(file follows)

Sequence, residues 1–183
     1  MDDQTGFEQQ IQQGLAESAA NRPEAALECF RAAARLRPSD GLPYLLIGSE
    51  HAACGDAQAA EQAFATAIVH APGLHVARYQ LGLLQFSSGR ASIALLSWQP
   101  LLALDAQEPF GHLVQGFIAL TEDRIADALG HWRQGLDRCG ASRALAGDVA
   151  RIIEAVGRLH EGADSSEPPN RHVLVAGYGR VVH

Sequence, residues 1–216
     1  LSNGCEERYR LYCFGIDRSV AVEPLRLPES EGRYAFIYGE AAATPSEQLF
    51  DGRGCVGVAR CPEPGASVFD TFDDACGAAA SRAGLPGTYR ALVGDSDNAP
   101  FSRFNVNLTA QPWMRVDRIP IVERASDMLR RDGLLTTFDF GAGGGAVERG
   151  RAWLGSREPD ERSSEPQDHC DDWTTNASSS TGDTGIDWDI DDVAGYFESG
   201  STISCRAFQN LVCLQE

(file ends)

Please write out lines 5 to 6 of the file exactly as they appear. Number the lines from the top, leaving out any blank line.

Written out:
   151  RIIEAVGRLH EGADSSEPPN RHVLVAGYGR VVH

Sequence, residues 1–216